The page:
Social media management is “business.”

5.     Not Responding to Questions or Comments

We’re too big to respond to each and every silly question,” is another gripe at large organizations. Correction: you “were” too big. You won’t be big any more if you continue to ignore questions and comments – silly or otherwise – on your social networks. If you do, your downfall begins now.

Every salesperson is taught early in their respective careers that no question is stupid. Every objection is a question that gets closer to the sale. Social media is no different. Random questions and comments that surface on Facebook, Twitter, Google+ and elsewhere are all getting each of those social media users, fans and followers closer to sale. Ignore them and your competition (who is paying attention too) will happily lap them up.

And oh, your ignorance is now public.

6.     Disregarding the Numbers

Numbers (metrics in other words) aren’t for geeks. What’s the point in running if you have no idea what you’re running towards and how fast you are going? You can jump into social media with as much intensity as you like, but without analytics and reports to guide you through, you are swimming straight to the center of the earth.

Smart companies measure their efforts. They want to know who visits their websites, how long visitors spend there, what they do, where they go from there, etc. It always pays to understand what happens to your product landing pages, email campaigns, social media updates, and blog posts.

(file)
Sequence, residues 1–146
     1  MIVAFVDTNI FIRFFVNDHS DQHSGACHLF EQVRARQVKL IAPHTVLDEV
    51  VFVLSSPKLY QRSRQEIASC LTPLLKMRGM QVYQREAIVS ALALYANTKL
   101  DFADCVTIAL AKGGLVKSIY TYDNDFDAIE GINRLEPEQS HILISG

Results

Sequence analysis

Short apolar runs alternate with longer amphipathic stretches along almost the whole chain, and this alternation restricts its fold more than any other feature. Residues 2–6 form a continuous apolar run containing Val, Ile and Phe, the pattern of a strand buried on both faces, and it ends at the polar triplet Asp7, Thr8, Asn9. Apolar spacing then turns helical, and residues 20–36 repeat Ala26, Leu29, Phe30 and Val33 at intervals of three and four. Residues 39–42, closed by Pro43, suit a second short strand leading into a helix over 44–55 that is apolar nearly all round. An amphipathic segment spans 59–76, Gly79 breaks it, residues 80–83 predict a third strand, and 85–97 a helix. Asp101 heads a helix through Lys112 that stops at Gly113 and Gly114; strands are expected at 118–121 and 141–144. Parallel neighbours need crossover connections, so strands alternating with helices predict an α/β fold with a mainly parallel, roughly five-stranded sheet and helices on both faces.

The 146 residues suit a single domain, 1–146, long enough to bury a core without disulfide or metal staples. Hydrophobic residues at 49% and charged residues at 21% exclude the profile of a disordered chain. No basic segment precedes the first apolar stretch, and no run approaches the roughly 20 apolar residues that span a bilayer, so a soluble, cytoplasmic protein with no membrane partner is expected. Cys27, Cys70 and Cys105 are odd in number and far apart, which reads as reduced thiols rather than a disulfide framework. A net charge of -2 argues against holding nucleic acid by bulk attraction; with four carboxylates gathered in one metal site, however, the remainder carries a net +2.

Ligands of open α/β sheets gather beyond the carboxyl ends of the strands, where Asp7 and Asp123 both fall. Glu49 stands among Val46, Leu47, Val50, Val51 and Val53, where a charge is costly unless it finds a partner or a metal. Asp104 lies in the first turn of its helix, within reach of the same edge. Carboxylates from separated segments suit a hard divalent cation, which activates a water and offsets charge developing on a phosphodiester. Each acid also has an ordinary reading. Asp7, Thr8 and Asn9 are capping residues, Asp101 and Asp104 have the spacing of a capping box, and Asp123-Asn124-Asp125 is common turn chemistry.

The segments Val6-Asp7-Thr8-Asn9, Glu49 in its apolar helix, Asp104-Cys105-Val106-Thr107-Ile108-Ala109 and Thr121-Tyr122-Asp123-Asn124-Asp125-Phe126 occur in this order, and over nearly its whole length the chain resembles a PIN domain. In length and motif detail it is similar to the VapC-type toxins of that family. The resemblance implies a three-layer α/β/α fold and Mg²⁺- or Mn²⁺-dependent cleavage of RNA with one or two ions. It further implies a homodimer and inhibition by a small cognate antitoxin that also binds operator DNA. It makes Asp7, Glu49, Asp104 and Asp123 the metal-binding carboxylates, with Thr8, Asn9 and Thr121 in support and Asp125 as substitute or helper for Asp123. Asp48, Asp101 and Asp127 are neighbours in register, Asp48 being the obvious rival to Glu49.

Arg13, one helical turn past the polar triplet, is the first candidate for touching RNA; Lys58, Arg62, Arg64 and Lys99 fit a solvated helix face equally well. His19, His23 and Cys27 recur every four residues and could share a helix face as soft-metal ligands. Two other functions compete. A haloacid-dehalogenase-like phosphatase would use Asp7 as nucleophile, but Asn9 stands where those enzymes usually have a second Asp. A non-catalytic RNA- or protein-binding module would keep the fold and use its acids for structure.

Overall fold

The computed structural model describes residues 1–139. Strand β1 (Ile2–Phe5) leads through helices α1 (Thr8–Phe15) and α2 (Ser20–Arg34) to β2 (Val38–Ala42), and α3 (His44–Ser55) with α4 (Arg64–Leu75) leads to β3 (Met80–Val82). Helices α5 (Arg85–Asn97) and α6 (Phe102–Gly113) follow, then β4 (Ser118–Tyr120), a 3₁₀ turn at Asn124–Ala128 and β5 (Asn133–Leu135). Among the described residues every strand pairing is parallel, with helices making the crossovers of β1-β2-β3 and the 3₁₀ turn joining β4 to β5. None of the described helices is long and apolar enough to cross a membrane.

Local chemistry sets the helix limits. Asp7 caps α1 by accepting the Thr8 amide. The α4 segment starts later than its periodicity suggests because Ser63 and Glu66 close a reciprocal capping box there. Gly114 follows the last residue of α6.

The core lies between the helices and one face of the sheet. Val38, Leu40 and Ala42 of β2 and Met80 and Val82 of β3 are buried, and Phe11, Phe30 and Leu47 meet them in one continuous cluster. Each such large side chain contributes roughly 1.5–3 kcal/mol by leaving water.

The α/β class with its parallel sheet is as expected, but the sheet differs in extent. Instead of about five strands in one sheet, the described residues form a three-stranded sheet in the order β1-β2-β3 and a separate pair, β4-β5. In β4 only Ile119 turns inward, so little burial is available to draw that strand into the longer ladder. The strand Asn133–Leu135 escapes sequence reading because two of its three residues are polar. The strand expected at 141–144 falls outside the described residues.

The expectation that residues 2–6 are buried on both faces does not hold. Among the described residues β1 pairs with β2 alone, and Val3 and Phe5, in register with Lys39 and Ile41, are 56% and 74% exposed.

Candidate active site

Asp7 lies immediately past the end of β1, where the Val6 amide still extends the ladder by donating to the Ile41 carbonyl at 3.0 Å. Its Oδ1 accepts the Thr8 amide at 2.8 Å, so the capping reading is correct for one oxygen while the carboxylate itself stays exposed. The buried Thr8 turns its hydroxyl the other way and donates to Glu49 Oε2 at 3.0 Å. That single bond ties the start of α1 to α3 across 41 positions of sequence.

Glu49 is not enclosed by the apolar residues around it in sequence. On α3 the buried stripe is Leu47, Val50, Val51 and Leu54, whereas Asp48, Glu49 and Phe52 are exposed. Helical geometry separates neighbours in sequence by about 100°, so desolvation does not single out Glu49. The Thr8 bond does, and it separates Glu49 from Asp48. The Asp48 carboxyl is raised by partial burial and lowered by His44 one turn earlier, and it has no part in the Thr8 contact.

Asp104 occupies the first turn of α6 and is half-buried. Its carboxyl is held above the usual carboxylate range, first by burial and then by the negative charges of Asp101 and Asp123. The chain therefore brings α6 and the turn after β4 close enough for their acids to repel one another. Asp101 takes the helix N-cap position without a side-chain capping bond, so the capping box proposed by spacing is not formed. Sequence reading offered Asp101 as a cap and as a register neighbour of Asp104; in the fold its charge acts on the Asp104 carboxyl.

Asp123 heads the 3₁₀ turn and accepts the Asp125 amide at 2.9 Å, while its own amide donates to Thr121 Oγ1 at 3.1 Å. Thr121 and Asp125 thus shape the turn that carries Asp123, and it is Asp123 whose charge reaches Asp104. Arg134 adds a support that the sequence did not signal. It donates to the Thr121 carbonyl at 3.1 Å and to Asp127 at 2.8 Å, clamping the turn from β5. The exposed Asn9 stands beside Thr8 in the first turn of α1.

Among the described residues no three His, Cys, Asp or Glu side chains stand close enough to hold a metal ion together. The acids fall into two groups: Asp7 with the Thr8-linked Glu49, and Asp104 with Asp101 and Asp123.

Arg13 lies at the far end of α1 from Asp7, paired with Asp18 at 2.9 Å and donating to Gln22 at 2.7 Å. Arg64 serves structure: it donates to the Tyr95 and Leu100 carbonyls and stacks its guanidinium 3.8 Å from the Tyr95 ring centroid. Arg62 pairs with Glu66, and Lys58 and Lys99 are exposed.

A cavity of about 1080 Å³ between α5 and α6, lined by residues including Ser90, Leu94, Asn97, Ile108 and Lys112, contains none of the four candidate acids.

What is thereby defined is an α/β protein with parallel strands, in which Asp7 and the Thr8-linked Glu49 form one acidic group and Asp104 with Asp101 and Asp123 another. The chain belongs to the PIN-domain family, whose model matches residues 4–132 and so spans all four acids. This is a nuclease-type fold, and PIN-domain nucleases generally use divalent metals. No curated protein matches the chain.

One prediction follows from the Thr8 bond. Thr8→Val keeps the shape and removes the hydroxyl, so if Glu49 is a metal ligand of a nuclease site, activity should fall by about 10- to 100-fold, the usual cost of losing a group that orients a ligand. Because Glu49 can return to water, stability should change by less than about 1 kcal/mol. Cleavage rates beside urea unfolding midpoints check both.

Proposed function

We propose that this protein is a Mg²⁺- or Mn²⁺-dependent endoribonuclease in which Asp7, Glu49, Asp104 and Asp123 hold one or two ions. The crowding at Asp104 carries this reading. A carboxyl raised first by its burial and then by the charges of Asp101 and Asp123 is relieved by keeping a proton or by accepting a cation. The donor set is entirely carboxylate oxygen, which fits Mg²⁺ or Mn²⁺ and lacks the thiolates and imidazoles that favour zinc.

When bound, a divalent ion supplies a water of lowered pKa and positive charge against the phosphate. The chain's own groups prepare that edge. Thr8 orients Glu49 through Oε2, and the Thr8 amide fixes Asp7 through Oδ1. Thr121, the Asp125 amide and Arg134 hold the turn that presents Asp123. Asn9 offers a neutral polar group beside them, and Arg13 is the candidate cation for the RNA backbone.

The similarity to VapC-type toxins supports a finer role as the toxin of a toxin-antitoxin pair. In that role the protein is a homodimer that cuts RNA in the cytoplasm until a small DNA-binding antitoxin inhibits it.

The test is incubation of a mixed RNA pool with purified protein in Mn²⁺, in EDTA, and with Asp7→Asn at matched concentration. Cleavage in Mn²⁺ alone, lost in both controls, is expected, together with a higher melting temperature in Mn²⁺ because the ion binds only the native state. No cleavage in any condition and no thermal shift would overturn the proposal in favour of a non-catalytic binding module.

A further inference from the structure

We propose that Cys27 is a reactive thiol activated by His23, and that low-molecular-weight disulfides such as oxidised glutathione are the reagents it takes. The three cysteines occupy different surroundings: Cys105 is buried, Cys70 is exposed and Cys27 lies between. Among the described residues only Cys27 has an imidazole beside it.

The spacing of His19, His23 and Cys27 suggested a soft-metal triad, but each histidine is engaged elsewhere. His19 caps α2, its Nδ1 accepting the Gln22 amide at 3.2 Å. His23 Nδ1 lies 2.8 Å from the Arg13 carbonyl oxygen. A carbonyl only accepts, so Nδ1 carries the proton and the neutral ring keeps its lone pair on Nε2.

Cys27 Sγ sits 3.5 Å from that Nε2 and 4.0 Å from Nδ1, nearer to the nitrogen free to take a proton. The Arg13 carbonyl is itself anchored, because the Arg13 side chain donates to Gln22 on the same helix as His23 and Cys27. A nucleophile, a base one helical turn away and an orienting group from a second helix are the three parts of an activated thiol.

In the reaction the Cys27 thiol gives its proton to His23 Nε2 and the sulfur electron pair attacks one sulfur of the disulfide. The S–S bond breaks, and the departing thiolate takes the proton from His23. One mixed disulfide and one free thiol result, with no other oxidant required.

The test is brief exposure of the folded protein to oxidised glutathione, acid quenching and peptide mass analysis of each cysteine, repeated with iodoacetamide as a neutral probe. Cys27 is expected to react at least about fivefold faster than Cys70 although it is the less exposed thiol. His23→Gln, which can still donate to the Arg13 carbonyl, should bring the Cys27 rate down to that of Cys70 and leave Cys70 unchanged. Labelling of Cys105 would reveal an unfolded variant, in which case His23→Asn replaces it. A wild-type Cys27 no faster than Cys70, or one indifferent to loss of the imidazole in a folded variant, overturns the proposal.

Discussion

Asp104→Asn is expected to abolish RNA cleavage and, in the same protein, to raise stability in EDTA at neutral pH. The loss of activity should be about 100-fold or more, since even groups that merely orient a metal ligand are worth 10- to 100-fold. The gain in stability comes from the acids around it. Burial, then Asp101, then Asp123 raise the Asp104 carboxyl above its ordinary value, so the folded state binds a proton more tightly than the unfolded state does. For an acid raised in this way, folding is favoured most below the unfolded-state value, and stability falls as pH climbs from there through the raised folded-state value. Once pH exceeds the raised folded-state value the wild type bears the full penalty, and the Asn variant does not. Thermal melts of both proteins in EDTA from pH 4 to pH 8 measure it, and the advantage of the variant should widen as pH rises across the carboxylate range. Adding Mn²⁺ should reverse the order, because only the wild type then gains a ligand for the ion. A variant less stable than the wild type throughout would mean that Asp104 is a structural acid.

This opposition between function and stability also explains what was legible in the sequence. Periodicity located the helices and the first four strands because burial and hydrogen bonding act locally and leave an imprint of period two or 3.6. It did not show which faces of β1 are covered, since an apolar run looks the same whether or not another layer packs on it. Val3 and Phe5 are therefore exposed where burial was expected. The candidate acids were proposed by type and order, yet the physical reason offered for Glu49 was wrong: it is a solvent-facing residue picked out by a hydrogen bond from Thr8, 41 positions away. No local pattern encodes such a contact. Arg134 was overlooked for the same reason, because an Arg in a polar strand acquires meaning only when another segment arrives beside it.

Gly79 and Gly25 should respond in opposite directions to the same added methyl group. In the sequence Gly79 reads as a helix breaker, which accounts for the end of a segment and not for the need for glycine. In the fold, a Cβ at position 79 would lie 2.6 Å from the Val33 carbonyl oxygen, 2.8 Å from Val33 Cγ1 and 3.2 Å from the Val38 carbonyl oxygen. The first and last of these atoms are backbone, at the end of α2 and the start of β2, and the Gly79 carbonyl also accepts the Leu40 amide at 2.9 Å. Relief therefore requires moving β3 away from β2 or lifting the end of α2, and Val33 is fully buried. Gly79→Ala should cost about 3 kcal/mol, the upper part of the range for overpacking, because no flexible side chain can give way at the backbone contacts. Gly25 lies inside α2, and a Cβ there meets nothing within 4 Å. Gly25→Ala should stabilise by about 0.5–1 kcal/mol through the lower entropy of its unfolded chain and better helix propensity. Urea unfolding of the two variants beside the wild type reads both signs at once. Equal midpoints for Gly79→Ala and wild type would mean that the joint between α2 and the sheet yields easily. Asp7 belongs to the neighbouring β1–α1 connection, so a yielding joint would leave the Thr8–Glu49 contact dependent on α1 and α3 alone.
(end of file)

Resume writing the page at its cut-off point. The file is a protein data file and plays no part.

If numbers are for geeks, the geek shall inherit the Earth.

Are you ignoring any of these important things to do when it comes to social media? Is your firm being lazy or lively? Are you letting the big elephant pass?

image credit: tech.net

Rohan Ayyar

Rohan is responsible for project delivery and campaign management at E2M Solutions. He also keeps the wheels spinning at OnlyDesign.org, a premium design agency. You can circle him on Google+ +Rohan Ayyar for a chat on digital marketing or branding.

7 thoughts on “6 Unbelievably Lazy Things Companies Do On Social Media

  • “If we spend all our time on social media, who will run the business?”
    That’s so true. Almost everyone I know says something like that. And, of course, you are totally right – everyone can hire full-time or part-time help. If you don’t know much about marketing ask someone who does.
    This is a really great article. It made me think more about some things I should change about my business.
    Thanks Rohan